“Just a week ago, there was armed military posted up right down the street from here,” remarked one Baltimore local, as he slowly entered the newly renamed Royal Farms Arena in the heart of downtown Baltimore.
He was one of thousands who turned out for the first Prince sighting in Baltimore since April 18, 2001.
This wasn’t just a concert though; this was a personal visit. Prince’s Rally 4 Peace. A response to a crisis, complete with a new custom-made song, “Baltimore.”
Less than a week ago, downtown Baltimore was, in fact, occupied by armed military. The presence of the National Guard, as well as a citywide curfew, was a direct response to the violent outburst that occurred after the funeral of Freddy Gray, the 25-year-old man whose death while in custody of Baltimore City Police was eventually ruled a homicide. The anticipation of finally getting a chance to see Prince in concert was matched only by the anticipation to return to some sense of normalcy for the city.
The streets were choked with people and the energy was palpable. This was a town ready to move past last week’s debacle and celebrate a new era. Hopefully.
Before the show starts, a disembodied female voice ran through some quick but very serious rules.
“Please don't record what happens here. What's happening is too big for your technology.” Several people were inevitably tossed throughout the evening for using their phones, as security stalked the isles like storm troopers enforcing the “no pictures” policy with iron fists.
Without notice, the dancing, singing, pancake-slinging megastar erupted onto the stage, dressed in all gray (in honor of Freddy) and blasting a slowed-down, funk version of "Let's Go Crazy" that turned into a three-guitar jam session.
“Baltimore, we are here. Where are you?!” He spoke to the crowd all night, constantly calling out the city by name as if to remind them that he was indeed acknowledging them, not just as a group of concert goers but as a city that’s been voiceless for decades.
After “Take Me With U” and “Raspberry Beret,” Prince briefly brought Baltimore State's Attorney Marilyn J. Mosby and her husband, Councilman Nick Mosby, to center stage. A few days ago, Mosby passionately announced charges for all six officers involved in the arrest of Freddie Gray to mixed reviews.
Suddenly, in front of a backdrop of the city's skyline, Prince delivered “Baltimore.” The bluesy, folk-rock tune is not immediately recognized like his classics, so there was a bit of a lull in the crowd. But the song is powerful in its candor. Fists pumped and bodies swayed as Prince name-checked Michael Brown and Freddie Gray and sang out, "If there aren't no justice then there ain't no peace."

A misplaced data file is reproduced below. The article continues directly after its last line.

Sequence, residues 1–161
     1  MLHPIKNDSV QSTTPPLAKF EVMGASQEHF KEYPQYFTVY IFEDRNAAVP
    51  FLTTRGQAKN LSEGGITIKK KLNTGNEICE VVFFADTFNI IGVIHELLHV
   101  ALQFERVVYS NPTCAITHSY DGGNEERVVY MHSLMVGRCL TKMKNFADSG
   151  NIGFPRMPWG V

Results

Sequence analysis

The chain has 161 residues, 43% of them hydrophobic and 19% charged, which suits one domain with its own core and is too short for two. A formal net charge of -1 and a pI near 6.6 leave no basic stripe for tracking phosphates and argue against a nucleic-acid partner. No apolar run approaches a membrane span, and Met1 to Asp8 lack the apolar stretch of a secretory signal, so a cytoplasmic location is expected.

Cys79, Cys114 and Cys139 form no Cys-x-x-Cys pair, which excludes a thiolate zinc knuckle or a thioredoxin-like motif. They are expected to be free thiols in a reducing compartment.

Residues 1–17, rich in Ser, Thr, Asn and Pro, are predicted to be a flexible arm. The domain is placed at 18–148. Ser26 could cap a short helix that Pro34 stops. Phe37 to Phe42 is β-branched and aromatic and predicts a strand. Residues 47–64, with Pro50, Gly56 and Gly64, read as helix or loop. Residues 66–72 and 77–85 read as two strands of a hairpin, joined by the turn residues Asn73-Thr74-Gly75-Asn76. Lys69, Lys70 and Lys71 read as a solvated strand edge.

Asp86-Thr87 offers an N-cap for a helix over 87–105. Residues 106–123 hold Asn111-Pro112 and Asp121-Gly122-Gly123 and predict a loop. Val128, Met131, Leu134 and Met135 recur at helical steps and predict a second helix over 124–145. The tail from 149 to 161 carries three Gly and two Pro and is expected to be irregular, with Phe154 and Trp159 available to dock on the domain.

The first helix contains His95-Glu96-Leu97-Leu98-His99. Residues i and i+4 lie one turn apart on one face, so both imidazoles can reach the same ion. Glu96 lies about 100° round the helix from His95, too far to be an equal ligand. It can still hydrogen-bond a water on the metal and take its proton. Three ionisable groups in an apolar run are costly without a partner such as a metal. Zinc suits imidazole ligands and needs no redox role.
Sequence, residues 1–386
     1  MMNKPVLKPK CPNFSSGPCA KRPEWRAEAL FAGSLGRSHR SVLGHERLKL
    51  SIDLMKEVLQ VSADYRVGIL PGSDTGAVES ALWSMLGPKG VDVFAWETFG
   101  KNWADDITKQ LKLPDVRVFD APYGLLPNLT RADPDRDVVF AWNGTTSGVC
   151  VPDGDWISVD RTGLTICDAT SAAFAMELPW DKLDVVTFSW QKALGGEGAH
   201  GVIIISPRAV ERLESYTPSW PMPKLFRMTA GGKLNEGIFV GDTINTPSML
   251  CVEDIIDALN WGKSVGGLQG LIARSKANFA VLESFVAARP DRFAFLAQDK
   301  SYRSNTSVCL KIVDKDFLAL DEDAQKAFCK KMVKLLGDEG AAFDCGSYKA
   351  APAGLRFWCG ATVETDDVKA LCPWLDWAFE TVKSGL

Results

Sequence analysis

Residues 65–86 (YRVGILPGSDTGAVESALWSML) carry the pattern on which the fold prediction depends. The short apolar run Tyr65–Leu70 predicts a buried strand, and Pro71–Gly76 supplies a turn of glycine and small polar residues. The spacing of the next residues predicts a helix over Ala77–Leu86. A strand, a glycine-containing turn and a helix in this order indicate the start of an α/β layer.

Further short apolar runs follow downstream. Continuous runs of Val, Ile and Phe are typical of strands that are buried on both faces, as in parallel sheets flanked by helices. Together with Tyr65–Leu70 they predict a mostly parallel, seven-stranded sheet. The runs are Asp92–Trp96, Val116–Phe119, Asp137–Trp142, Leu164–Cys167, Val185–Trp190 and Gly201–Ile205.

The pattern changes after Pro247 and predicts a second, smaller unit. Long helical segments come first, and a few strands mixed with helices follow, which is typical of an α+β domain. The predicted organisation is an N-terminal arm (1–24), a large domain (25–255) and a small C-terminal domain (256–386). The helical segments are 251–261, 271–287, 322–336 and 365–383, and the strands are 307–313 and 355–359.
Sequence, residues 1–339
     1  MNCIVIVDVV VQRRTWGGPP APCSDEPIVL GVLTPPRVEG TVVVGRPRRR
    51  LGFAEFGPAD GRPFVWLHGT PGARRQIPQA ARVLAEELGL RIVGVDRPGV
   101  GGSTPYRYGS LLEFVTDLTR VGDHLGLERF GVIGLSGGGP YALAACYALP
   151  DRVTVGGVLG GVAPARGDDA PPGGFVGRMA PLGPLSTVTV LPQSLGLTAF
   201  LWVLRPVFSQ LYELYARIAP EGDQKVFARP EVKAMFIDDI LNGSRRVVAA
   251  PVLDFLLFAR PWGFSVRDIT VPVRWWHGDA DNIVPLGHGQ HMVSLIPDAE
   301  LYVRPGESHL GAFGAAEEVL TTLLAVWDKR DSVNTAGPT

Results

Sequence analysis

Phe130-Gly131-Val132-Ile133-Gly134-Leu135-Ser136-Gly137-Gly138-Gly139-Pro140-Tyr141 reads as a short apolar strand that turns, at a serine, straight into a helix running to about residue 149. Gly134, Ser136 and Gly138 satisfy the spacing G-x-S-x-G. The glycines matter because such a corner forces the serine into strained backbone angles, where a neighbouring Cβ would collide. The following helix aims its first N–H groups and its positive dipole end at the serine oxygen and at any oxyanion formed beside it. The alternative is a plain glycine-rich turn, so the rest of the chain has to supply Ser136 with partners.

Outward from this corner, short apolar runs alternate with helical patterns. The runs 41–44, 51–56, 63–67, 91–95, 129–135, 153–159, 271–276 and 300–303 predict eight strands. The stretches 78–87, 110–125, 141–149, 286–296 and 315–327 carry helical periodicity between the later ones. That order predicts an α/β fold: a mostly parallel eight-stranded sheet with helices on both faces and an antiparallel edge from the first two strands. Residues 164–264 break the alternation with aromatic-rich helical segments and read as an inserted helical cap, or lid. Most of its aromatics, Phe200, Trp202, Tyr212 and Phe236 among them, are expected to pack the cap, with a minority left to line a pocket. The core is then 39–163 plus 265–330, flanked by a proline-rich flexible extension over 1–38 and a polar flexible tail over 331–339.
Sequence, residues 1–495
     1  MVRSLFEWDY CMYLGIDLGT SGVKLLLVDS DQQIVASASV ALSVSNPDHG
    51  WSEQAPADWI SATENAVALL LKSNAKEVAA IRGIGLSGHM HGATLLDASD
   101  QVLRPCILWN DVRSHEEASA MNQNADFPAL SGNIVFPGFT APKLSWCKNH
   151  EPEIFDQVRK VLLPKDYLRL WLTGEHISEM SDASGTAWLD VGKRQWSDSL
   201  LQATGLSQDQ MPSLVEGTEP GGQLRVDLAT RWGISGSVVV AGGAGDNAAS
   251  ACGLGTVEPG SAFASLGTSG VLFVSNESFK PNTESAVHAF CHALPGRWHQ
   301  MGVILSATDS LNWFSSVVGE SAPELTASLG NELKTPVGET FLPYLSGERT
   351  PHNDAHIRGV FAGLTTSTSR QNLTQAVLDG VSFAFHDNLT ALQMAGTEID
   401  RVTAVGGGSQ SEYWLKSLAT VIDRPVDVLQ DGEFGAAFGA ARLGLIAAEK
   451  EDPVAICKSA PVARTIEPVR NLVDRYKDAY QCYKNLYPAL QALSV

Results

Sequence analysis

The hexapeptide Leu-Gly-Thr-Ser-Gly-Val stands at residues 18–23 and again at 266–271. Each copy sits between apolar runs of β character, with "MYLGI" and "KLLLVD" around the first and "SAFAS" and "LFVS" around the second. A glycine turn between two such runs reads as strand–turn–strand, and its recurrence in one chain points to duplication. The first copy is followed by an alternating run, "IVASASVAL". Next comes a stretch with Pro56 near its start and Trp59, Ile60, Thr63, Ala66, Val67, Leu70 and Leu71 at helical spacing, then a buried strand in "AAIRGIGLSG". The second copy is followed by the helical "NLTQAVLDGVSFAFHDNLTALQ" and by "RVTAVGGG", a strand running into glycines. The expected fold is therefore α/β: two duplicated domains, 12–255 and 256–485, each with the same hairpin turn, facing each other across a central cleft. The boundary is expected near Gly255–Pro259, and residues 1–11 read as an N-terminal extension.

He gets us.
That was the highlight of the show. Of course it was amazing to see Prince seducing everyone with joints like "Darling Nikki." It was surreal to see him hit every damn high note in “The Beautiful Ones.” And listening to him cockily ask the crowd “How many hits I got?” before rattling off “Sign o' the Times,” “Nothing Compares 2 U,” “I Would Die for U,” “Pop Life” and “Diamonds and Pearls” — all before bringing out Doug E. Fresh, Miguel and Estelle (in the second of three encores. No curfews!).
The best part, still, was watching a city synonymous with stress and crime and drugs, where even the athletes and politicians get locked up, get validated in an honest and intimate way by one of the most mysterious stars on the planet.
“Young people, the system is broken. The only way to fix it is to build a new one,” he told the crowd betweeen "Purple Rain" verses. "We gonna figure this thing out. The next time I come here, I want to stay in a hotel owned by you. I want to take a car service created and owned by one of you."
The B-More struggle that boiled over recently after years of being ignored on a mass level (although hinted at on that one HBO show) has been co-signed by one of the world’s last remaining superstars.
Dr. Martin Luther King Jr. once said, “A riot is the language of the unheard.” Prince proved that he, and the rest of the country, is hearing Baltimore loud and clear.
(Photo: NPG Records / Ralston Smith)